- the WOSB or EDWOSB partner to a joint venture did not meet the eligibility; or
- the WOSB or EDWOSB joint venture did not meet the applicable requirements.
What Does a WOSB Protest Look Like?
As with a CVE protest, there is no specific format for a WOSB or EDWOSB protest. It must be in writing and set forth specific allegations or facts supporting the protest grounds. Generally, it is styled as a letter setting forth the background, the factual allegations supporting the protest, and request for relief from the contracting officer and SBA.
Where Is a WOSB Protest Filed?
A disappointed offeror must deliver their protest to the contracting officer. A protest filed directly by the contracting officer or SBA is delivered to the SBA’s Director of Government Contracting.
What Happens After a WOSB Protest Is Filed?
Upon receiving a disappointed offeror’s protest, the contracting officer forwards the protest to the SBA, along with a referral letter and documents. The SBA will then determine whether to dismiss the protest or proceed, and the SBA will notify the contracting officer and protester of its decision. Grounds for dismissal include if the protest is premature, untimely, nonspecific, or based on nonprotestable allegations. If the SBA determines the protest will proceed, it will notify the protested WOSB and request information and documents responding to the protest within five business days. SBA may draw an adverse inference if the business does not provide the requested documents or information. In other words, the WOSB must immediately compile its response—there is no time for delay. If the WOSB does not respond completely, the SBA may hold that against the WOSB in making the final determination.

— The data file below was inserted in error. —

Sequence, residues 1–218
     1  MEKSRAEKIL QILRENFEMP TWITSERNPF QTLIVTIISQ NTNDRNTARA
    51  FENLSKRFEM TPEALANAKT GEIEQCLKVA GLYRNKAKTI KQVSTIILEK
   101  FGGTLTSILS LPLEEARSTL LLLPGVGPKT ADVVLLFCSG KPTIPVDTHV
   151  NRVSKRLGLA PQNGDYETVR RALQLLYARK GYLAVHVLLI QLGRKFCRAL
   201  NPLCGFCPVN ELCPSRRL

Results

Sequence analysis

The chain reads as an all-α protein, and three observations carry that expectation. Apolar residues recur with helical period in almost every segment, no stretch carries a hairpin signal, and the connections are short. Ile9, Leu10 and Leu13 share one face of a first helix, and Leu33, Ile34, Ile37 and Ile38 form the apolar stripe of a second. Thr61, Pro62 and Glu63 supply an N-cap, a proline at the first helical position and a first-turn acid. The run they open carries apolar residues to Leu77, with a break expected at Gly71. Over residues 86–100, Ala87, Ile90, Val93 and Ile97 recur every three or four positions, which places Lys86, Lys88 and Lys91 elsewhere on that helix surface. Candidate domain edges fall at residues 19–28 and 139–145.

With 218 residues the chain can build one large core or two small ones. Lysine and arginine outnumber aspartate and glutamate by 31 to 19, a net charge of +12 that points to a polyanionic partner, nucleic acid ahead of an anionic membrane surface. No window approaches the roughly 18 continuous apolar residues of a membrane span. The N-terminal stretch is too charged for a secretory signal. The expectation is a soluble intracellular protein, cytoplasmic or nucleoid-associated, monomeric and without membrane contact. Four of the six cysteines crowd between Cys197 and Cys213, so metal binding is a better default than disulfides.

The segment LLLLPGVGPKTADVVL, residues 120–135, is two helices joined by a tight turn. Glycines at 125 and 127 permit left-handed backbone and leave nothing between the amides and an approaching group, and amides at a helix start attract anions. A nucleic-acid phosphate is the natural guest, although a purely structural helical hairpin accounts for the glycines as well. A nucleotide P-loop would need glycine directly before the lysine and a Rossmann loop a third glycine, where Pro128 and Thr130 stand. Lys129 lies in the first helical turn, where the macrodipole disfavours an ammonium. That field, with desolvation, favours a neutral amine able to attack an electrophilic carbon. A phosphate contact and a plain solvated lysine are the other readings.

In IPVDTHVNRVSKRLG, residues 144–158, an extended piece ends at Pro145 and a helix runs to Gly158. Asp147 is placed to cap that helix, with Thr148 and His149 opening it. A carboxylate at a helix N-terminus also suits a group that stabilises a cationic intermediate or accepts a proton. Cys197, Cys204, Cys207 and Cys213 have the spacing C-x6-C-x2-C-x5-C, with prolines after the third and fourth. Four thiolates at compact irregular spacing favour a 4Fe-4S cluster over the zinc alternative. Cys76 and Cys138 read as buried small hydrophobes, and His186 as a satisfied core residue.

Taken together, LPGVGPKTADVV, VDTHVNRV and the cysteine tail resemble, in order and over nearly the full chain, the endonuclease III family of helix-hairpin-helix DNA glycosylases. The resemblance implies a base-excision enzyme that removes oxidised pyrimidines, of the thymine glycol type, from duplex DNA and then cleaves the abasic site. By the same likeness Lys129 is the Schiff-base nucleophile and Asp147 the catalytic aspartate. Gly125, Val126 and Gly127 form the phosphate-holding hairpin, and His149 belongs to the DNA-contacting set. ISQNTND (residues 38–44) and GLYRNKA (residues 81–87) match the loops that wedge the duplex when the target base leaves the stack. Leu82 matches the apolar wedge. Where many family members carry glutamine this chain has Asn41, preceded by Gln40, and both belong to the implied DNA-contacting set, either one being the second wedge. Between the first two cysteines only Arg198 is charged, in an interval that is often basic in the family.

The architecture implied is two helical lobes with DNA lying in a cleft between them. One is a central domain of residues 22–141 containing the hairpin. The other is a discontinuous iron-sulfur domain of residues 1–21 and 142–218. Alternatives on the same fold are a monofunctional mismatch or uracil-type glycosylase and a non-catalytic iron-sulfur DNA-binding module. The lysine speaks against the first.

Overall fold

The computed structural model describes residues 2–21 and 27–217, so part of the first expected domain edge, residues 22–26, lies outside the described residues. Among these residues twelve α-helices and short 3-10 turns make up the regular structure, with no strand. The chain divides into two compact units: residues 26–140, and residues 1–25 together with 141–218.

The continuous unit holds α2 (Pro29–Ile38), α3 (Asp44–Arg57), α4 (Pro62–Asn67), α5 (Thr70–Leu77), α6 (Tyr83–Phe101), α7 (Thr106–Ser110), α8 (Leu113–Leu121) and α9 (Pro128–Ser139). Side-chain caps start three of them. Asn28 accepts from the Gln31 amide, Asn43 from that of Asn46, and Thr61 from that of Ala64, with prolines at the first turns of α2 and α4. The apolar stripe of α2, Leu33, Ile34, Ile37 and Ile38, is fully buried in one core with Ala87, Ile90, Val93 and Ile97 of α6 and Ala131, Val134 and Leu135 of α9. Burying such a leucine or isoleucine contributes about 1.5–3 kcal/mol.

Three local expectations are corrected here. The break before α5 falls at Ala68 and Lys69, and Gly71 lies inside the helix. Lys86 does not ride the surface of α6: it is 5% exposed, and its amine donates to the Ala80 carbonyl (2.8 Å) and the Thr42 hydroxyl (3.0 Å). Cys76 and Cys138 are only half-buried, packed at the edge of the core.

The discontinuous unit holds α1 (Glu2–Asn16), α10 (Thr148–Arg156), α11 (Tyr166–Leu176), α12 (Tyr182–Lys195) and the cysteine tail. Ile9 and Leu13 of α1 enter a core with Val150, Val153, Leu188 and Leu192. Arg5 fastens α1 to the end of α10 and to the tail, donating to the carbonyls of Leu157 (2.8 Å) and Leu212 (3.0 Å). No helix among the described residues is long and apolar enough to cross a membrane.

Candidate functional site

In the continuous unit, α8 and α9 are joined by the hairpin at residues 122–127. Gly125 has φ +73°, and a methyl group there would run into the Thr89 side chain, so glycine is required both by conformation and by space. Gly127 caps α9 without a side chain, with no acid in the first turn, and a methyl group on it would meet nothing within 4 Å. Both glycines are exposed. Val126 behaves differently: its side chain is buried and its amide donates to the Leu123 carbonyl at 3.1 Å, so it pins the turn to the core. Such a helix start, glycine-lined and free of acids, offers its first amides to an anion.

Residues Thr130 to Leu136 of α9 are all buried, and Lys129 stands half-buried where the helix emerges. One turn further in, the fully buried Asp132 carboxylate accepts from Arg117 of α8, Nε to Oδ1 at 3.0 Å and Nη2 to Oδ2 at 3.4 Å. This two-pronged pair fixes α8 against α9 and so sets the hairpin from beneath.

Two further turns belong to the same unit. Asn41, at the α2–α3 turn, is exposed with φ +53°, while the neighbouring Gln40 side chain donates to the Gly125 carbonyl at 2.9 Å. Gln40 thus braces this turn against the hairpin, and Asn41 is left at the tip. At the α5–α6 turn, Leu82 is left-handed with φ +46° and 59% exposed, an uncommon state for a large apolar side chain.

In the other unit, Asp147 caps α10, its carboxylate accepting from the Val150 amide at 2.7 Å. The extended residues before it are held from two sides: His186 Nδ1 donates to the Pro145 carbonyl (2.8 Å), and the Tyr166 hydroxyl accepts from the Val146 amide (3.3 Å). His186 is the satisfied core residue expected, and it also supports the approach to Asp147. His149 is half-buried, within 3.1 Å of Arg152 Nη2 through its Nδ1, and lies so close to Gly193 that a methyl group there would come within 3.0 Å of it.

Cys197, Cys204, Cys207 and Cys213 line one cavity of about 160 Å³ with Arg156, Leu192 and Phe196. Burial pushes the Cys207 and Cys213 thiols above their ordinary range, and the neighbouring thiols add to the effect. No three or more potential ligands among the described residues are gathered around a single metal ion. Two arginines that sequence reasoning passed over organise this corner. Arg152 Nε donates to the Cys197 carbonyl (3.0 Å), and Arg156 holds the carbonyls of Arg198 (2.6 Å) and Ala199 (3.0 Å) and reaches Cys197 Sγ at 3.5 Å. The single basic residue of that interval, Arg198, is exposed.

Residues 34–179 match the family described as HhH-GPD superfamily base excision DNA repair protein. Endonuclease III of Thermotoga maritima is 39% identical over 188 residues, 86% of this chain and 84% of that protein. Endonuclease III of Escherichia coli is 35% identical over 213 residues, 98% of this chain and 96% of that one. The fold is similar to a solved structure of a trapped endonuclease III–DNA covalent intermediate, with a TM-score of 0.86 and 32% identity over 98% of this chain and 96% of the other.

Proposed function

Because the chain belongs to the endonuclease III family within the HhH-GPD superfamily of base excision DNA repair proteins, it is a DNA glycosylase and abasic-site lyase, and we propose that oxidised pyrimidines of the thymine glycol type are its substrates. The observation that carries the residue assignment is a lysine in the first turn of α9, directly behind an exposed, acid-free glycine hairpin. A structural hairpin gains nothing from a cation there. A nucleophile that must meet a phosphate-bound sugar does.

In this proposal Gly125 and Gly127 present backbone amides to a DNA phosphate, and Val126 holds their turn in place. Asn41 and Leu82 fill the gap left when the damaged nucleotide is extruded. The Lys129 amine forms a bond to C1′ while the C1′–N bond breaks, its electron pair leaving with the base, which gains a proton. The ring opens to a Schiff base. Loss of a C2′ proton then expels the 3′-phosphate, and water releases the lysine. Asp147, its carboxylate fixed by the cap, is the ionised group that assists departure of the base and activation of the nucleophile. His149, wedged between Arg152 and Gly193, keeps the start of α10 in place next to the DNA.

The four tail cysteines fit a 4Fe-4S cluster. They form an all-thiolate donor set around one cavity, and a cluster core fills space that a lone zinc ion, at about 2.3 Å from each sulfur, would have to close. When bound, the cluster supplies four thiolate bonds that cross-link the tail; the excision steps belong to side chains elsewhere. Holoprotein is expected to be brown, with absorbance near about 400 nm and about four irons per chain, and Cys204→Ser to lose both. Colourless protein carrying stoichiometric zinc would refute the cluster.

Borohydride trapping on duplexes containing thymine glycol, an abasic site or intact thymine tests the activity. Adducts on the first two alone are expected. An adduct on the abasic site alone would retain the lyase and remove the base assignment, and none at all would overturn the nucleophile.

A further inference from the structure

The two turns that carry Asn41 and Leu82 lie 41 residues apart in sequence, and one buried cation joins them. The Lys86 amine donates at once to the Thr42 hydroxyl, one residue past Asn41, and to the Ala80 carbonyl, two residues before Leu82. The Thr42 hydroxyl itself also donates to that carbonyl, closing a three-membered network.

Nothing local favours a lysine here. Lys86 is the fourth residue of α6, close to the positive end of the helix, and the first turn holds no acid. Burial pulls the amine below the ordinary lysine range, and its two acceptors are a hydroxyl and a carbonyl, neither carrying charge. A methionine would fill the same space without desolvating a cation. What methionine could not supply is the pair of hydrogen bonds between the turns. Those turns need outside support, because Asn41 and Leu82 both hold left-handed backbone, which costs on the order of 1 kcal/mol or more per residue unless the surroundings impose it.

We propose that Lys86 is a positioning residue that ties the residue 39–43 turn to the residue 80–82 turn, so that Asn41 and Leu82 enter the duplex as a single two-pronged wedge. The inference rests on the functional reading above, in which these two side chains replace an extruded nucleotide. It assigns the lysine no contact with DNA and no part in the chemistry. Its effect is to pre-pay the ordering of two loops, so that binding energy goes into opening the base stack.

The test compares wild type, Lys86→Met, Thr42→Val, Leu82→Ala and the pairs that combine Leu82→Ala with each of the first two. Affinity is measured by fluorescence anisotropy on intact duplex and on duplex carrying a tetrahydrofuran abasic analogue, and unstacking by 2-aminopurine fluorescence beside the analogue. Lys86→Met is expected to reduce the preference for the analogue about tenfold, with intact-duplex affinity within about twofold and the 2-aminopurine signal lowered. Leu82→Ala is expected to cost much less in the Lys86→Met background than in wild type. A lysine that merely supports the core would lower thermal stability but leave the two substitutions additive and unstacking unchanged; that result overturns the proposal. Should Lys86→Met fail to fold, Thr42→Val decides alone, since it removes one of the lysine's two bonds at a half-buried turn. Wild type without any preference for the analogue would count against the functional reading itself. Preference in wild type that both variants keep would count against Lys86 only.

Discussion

In most cases the contracting officer will stay the award of the pending contract until the protest is determined. But the contracting officer may award the contract notwithstanding the protest, if the contracting officer determines in writing that award must be made to protect the public interest.
The SBA will typically issue a written determination of the status of the protested concern within 15 business days, unless the contracting officer grants an extension. But if SBA takes longer, the contracting officer may award the contract if he or she determines in writing there is an immediate need to award the contract and that waiting for SBA’s decision will prejudice the government.